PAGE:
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Our analysis and visualization tools use 3D building geometry to support surveillance tasks. These tools are part of DOTS, our multicamera surveillance system; a system with over 20 cameras spread throughout the public spaces of our building. The geometric input to DOTS is a floor plan and information such as cubicle wall heights. From this input we construct a 3D model and an enhanced 2D floor plan that are the bases for more specific visualization and analysis tools. Foreground objects of interest can be placed within these models and dynamically updated in real time across camera views. Alternatively, a virtual first-person view suggests what a tracked person can see as she moves about. Interactive visualization tools support complex camera-placement tasks. Extrinsic camera calibration is supported both by visualizations of parameter adjustment results and by methods for establishing correspondences between image features and the 3D model.

DOTS: Support for Effective Video Surveillance

Publication Details
  • ACM Multimedia 2007, pp. 423-432
  • Sep 24, 2007

Abstract

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DOTS (Dynamic Object Tracking System) is an indoor, real-time, multi-camera surveillance system, deployed in a real office setting. DOTS combines video analysis and user interface components to enable security personnel to effectively monitor views of interest and to perform tasks such as tracking a person. The video analysis component performs feature-level foreground segmentation with reliable results even under complex conditions. It incorporates an efficient greedy-search approach for tracking multiple people through occlusion and combines results from individual cameras into multi-camera trajectories. The user interface draws the users' attention to important events that are indexed for easy reference. Different views within the user interface provide spatial information for easier navigation. DOTS, with over twenty video cameras installed in hallways and other public spaces in our office building, has been in constant use for a year. Our experiences led to many changes that improved performance in all system components.
Publication Details
  • IEEE Intl. Conf. on Semantic Computing
  • Sep 17, 2007

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We present methods for semantic annotation of multimedia data. The goal is to detect semantic attributes (also referred to as concepts) in clips of video via analysis of a single keyframe or set of frames. The proposed methods integrate high performance discriminative single concept detectors in a random field model for collective multiple concept detection. Furthermore, we describe a generic framework for semantic media classification capable of capturing arbitrary complex dependencies between the semantic concepts. Finally, we present initial experimental results comparing the proposed approach to existing methods.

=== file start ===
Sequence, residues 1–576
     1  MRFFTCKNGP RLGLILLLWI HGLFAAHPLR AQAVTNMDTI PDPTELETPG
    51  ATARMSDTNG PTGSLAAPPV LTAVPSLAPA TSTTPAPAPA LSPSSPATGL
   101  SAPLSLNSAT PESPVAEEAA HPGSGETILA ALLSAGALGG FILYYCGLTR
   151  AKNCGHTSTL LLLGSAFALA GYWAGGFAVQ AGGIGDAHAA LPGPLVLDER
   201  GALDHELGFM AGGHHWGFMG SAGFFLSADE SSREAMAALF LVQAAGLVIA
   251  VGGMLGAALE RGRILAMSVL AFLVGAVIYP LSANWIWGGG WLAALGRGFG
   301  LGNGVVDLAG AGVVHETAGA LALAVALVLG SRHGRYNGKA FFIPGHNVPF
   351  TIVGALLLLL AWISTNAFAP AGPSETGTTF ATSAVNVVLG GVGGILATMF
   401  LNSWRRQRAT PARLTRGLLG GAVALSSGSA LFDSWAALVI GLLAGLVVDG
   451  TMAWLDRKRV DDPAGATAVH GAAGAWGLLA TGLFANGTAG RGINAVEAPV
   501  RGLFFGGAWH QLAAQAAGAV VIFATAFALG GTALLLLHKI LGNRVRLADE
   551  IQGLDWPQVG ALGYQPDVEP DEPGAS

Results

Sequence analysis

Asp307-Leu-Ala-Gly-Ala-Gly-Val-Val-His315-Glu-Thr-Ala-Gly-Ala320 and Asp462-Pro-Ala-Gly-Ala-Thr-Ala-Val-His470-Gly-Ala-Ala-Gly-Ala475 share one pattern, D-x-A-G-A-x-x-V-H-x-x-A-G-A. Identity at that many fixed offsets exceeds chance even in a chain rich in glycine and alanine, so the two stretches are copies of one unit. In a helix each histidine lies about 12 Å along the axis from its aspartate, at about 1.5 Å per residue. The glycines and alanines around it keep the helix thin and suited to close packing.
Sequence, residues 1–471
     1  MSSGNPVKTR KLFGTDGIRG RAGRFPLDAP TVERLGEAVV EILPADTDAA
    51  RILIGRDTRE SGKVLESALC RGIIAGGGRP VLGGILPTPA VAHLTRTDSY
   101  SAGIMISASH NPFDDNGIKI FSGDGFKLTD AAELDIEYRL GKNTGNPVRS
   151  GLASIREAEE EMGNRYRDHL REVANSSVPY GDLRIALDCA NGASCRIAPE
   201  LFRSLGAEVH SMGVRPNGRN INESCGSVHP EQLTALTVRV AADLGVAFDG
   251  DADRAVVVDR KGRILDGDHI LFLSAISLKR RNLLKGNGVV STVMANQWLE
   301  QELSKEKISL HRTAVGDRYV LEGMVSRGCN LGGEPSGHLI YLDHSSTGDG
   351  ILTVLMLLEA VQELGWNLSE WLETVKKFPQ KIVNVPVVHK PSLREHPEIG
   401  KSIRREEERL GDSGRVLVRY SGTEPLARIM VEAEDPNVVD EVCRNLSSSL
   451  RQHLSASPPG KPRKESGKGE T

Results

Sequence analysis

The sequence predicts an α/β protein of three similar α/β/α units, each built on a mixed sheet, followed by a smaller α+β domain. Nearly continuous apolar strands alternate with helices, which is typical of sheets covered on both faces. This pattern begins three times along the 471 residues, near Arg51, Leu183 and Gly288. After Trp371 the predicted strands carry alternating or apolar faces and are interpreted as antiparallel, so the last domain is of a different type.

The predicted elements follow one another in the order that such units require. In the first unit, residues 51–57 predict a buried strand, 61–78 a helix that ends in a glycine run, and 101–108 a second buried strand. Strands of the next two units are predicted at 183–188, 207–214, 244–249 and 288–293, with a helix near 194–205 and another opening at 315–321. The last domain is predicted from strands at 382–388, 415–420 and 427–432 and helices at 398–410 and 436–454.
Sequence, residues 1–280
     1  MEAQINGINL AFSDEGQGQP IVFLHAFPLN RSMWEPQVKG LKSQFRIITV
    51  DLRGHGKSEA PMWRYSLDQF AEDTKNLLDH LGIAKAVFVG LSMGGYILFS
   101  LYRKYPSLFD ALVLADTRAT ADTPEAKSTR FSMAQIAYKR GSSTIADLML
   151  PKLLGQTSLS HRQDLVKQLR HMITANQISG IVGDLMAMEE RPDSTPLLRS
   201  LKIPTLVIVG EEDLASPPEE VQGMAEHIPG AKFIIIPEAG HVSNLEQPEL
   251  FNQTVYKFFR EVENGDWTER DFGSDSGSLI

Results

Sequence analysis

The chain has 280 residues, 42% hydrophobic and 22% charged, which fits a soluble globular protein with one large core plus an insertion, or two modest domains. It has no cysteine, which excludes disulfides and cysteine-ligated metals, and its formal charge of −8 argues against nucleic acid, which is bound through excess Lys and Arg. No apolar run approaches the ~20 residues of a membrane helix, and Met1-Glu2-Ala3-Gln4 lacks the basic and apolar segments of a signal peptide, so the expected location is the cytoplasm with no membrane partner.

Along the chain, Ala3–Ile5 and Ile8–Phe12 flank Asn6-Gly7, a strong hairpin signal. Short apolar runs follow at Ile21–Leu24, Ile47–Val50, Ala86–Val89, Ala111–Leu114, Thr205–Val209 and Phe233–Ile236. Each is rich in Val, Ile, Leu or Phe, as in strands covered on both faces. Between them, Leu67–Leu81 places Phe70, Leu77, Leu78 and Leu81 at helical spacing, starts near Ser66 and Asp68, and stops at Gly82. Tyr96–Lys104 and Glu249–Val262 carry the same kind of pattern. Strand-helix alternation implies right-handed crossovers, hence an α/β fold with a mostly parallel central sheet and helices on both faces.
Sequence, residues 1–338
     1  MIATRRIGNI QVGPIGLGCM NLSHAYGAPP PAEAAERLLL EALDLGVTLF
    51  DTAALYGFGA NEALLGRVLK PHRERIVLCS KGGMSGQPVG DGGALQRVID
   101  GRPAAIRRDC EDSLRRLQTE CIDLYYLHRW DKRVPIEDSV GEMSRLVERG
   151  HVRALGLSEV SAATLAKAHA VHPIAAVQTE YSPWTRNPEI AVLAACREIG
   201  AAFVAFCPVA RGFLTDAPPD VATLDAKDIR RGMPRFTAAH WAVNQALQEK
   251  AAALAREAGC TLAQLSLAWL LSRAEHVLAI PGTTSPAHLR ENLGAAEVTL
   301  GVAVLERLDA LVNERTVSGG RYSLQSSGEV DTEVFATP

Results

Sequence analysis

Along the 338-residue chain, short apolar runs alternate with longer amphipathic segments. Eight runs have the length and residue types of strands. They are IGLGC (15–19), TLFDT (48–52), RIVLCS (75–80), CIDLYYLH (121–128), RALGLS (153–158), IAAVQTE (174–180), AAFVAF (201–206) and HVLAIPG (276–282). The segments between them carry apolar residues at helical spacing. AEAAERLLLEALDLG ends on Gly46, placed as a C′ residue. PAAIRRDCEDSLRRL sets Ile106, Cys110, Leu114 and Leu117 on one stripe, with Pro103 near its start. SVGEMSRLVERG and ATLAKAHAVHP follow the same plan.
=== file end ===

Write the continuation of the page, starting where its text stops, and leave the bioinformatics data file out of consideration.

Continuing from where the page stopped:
Publication Details
  • Workshop at Ubicomp 2007
  • Sep 16, 2007

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The past two years at UbiComp, our workshops on design and usability in next generation conference rooms engendered lively conversations in the community of people working in smart environments. The community is clearly vital and growing. This year we would like to build on the energy from previous workshops while taking on a more interactive and exploratory format. The theme for this workshop is "embodied meeting support" and includes three tracks: mobile interaction, tangible interaction, and sensing in smart environments. We encourage participants to present work that focuses on one track or that attempts to bridge multiple tracks.
Publication Details
  • ACM Conf. on Image and Video Retrieval 2007
  • Jul 29, 2007

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This paper describes FXPAL's interactive video search application, "MediaMagic". FXPAL has participated in the TRECVID interactive search task since 2004. In our search application we employ a rich set of redundant visual cues to help the searcher quickly sift through the video collection. A central element of the interface and underlying search engine is a segmentation of the video into stories, which allows the user to quickly navigate and evaluate the relevance of moderately-sized, semantically-related chunks.
Publication Details
  • ICME 2007
  • Jul 2, 2007

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The recent emergence of multi-core processors enables a new trend in the usage of computers. Computer vision applications, which require heavy computation and lots of bandwidth, usually cannot run in real-time. Recent multi-core processors can potentially serve the needs of such workloads. In addition, more advanced algorithms can be developed utilizing the new computation paradigm. In this paper, we study the performance of an articulated body tracker on multi-core processors. The articulated body tracking workload encapsulates most of the important aspects of a computer vision workload. It takes multiple camera inputs of a scene with a single human object, extracts useful features, and performs statistical inference to find the body pose. We show the importance of properly parallelizing the workload in order to achieve great performance: speedups of 26 on 32 cores. We conclude that: (1) data-domain parallelization is better than function-domain parallelization for computer vision applications; (2) data-domain parallelism by image regions and particles is very effective; (3) reducing serial code in edge detection brings significant performance improvements; (4) domain knowledge about low/mid/high level of vision computation is helpful in parallelizing the workload.